One of Manhattan’s nightlife staples is going corporate. After 27 years of operating multi-floor East-Village nightclub Webster Hall, the Ballinger family has announced that they will sell the 131-year-old venue to concert promotion giant AEG Presents and Barclay’s Center owners Brooklyn Sports and Entertainment, according to a report in Billboard. The two firms will assume operating rights, assets and the long-term lease from building owner Unity Gallega while Bowery Presents (whom AEG purchased earlier this year) will take over booking and talent buying.The deal originated as a Brooklyn Sports and Entertainment venture, but they eventually made the call to bring in AEG as a 50-50 partnership. Says BSE CEO Brett Yormark, “While we were having [preliminary] discussions, AEG finalized the acquisition of Bowery Presents, which used to book Webster Hall. We’re going to partner on all facets of the business, but obviously let those that know it best lead the way,” Yormark said. Up until March 2014, Bowery had an exclusive at the venue, and Yormark said that the new agreement means the Bowery team will once more be charged with programming and marketing Webster Hall.AEG and BSE plan to spend about $10 million renovating Webster Hall’s Grand Ballroom, The Studio and The Marlin Room spaces to bring them up to contemporary standards and add a few more customer features.According to AEG chairman Jay Marciano, “You can’t replace a venue of its size and stature anywhere on the island of Manhattan, and we jumped at the chance to bring Webster Hall into our growing venue portfolio” which includes staple New York City venues like Terminal 5 and Music Hall of Williamsburg. “It would be cost prohibitive to try and build a venue like Webster Hall from scratch,” says Marciano. “Knowing what I know about New York real estate, I don’t think you could build it for less than $100 million. Webster Hall is a landmark, historic building whose use as a public assembly venue dates back to the 1800s. It’s a venue that any promoter would want to have in their portfolio.”Yormark hopes Webster Hall and other AEG/Bowery Presents facilities become feeder venues for rising artists who aspire to play big arena shows at Nassau Coliseum and Barclays Center.“We’re trying to diversify our venue portfolio so we can connect with artists early and often,” he says. “We have a progression approach that allows us to get to know them and let them understand the experience they’ll have when they play one of our venues.”[h/t – Billboard]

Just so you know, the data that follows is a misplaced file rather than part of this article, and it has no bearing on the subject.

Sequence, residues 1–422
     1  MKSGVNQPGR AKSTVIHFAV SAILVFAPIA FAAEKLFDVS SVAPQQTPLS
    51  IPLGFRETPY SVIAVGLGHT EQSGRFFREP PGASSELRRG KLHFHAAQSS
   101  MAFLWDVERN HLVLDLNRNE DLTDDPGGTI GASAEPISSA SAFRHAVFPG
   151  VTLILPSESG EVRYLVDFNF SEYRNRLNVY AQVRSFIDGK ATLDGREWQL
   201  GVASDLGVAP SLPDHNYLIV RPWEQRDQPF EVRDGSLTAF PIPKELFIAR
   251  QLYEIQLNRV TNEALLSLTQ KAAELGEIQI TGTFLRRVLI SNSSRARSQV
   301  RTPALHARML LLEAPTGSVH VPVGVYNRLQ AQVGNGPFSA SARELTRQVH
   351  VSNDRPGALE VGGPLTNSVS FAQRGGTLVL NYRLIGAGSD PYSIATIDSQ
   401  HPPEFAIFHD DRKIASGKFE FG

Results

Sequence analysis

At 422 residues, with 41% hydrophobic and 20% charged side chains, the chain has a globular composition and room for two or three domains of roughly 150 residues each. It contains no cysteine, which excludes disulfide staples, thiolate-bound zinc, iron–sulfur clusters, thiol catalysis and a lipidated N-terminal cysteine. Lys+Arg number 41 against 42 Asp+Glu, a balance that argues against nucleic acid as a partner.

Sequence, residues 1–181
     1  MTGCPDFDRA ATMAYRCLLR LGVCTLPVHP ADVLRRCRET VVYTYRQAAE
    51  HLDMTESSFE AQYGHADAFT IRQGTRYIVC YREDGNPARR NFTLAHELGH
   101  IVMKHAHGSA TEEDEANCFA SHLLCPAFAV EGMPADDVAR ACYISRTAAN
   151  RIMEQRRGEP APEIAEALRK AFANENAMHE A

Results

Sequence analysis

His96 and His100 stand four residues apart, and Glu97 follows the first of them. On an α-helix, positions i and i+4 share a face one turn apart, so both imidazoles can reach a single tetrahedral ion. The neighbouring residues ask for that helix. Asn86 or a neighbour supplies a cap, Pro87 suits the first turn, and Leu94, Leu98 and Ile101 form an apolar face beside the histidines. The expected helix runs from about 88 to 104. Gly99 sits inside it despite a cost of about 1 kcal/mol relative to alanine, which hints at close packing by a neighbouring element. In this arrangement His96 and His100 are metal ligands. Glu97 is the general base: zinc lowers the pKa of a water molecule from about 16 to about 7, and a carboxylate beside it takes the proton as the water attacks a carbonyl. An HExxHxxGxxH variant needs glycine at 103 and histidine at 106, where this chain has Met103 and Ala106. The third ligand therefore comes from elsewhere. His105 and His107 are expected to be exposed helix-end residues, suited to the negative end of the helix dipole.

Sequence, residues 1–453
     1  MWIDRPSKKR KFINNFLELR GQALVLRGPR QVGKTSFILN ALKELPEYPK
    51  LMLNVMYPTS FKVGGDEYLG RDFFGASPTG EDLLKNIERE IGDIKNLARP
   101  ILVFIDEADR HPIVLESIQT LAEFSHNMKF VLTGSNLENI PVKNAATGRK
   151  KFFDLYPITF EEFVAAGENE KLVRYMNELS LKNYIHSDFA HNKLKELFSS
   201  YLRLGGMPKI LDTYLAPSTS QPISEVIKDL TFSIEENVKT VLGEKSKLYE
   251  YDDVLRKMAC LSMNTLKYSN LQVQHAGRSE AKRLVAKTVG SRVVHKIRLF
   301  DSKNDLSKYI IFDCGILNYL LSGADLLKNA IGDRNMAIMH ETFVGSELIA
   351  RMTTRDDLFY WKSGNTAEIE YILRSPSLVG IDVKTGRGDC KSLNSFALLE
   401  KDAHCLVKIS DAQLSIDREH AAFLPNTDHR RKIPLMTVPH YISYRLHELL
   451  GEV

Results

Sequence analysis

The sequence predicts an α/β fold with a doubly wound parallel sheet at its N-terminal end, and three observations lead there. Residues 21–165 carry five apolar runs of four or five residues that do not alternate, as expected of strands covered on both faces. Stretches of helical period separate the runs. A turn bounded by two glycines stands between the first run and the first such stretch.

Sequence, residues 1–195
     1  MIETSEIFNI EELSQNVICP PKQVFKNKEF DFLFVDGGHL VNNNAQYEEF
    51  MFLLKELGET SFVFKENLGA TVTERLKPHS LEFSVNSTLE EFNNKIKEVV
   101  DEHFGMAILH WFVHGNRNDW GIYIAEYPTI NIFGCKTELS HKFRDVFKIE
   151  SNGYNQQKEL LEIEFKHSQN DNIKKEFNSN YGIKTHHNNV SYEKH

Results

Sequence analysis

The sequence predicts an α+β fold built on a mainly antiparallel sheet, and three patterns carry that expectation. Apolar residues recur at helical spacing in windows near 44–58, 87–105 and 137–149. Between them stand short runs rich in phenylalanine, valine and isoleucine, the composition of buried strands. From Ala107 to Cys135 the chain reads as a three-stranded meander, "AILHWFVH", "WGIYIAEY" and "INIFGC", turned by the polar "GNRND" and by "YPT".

Georgia vegetable farmers should scout for insects in young lima beans and snap beans now.Caterpillars, stinkbugs and thrips are among the insects that could pose a threat as these beans start to bloom. Although seeing a few thrips in a bloom shouldn’t worry you, finding many more could signal potentially significant damage.The threshold for thrips per bloom is 10, according to University of Georgia Cooperative Extension entomologist Stormy Sparks. If there are 10 or more thrips in a bloom, the thrips should be knocked back with an insecticide.High thrip populations can stunt plants, delay maturity and reduce yields.Cowpea curculio is still the biggest, most troublesome pest for Southern pea farmers. Jenna Kicklighter, Colquitt County Agriculture and Natural Resources Extension agent, previously worked with UGA vegetable entomologist David Riley on measures to control the pest.“As far as I know, nothing has changed as far as methods for controlling the weevils. We still only have pyrethroids labeled for control,” Kicklighter said. “Also, the last time I spoke with Dr. Riley, Karate insecticide seemed to have greater efficacy than the other pyrethroids. If the curculio population is high enough, they can knock blooms off, so be on the lookout for that.”The first spray for cowpea curculio should be initiated at first bloom and sprayed at a short interval, every three days or so.UGA Extension vegetable specialist Tim Coolong says boron foliar sprays can help with flowering and pollination in plants. Beans are self-pollinating, and the pollination window is very short.Expect to see significant loss if the weather is poor during pollination. Boron application at flowering may not make a huge difference in yield if the pollination conditions are not ideal.For timely information about agriculture in Georgia, visit the Wilcox County Ag blog at site.extension.uga.edu/wilcoxcoag/.